A Career as a Chef

Overview

A Chef is employed in the preparation and cooking of food with responsibility for ensuring both quality and creativity.  There are various departments within a professional kitchen and Chefs will need to be trained in each of these before they can progress further to a Head Chef role.  These departments include vegetables, sauces, starters and desserts and a Chef must not only understand the ingredients used in each but also the equipment and techniques required.

Entry requirements

Entry into the industry as a Commis Chef does not require any formal qualifications although there are a number of professional training courses that can be useful including BTEC Certificates and Diplomas in Hospitality and Catering and NVQs in Food Preparation and Cooking.  HND and degree level qualifications are also available in relevant subjects which include Professional Cookery and Culinary Arts Management.

In general, creativity and a passion for food are probably two of the most essential requirements for a successful Chef although leadership skills are necessary to enable progression to the role of Head Chef.  Employment is available not only in restaurants, cafés and hotels but also in the business sector, education and the Armed Forces.  Different restaurants cater for different tastes so it is possible to specialise in a preferred cuisine, which can even present the opportunity to work overseas to gain further experience.  Many Chefs go on to own a stake in the restaurant that they work in while others move into teaching roles or into the field of food technology.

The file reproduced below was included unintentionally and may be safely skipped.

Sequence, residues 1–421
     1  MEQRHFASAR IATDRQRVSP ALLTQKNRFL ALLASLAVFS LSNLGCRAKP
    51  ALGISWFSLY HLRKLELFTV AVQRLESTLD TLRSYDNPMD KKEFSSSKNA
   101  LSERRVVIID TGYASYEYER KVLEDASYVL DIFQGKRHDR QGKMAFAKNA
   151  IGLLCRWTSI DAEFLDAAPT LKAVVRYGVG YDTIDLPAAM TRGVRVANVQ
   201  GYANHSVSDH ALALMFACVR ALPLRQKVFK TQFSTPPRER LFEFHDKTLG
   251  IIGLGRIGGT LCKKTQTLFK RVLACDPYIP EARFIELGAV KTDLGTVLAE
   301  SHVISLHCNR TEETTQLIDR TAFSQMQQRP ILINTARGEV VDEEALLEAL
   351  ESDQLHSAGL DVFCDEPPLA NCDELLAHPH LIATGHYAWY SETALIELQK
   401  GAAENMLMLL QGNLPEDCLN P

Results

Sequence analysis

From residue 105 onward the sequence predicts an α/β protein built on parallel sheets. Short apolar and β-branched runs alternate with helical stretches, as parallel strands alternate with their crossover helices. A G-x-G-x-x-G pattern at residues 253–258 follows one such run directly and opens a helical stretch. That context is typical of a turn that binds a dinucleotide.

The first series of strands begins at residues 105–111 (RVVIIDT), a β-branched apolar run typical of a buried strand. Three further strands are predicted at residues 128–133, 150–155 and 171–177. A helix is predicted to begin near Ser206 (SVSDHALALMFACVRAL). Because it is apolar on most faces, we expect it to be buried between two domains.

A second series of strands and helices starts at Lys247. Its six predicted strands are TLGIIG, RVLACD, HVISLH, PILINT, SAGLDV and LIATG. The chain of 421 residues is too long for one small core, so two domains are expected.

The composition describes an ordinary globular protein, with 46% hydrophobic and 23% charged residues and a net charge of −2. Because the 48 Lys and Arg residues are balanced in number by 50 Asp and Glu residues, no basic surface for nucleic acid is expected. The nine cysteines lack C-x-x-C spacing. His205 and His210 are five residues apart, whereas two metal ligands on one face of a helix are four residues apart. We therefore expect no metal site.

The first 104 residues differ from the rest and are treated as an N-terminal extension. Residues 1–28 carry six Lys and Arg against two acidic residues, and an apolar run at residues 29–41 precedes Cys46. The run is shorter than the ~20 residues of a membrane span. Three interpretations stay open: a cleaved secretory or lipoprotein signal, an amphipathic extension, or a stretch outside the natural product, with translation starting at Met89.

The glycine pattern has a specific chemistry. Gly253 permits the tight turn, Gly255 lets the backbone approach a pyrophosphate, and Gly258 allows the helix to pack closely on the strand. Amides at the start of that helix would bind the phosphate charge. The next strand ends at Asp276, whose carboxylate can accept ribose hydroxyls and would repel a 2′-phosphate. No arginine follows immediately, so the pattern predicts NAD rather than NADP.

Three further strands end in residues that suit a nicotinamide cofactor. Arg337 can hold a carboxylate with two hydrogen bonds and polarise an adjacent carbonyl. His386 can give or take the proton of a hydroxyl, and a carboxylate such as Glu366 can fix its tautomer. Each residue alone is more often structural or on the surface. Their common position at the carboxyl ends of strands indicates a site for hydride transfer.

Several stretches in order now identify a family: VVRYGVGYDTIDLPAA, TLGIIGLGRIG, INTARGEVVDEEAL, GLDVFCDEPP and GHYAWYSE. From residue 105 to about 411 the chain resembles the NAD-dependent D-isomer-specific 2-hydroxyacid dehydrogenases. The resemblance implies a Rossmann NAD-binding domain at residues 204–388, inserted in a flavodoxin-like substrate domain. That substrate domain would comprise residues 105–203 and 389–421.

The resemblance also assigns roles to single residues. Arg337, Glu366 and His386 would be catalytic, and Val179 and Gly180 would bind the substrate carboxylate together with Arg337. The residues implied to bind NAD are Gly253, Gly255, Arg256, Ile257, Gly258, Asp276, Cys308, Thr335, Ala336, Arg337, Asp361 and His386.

Progression opportunities

There is a set structure within a kitchen environment with a Trainee or Commis Chef at the lower end of the hierarchy followed by a Chef de Partie or Section Chef, a Sous Chef and a Head Chef.  With each role comes increased responsibility and the Sous Chef is expected to run the kitchen in the absence of the Head Chef.

A Head Chef is responsible for the full management of a kitchen from both an operational and financial perspective.  They plan and cost menus and create new dishes to ensure that the restaurant offers a varied menu to the customer.  As well as overseeing the other members of the kitchen team, they are also responsible for ensuring strict compliance with health, safety and hygiene regulations.

The hours worked by a Chef are generally long and unsociable, and involve working weekends and public holidays.  They usually need to come in early to prepare for service and then remain behind after closing to clean the kitchen in preparation for the following day.  Teamwork in a kitchen environment is absolutely essential to ensure that the different components of a meal are prepared on time and to the same high standards.  Communication and organisational skills are also extremely beneficial.

The catering industry is notoriously poorly paid considering the long hours worked but despite this it remains a very popular industry to work in.  Possibly the ultimate ambition for a Chef is to be awarded a coveted Michelin star or to work in a Michelin-starred restaurant.  There are very few restaurants with three Michelin stars and not many more with two stars.

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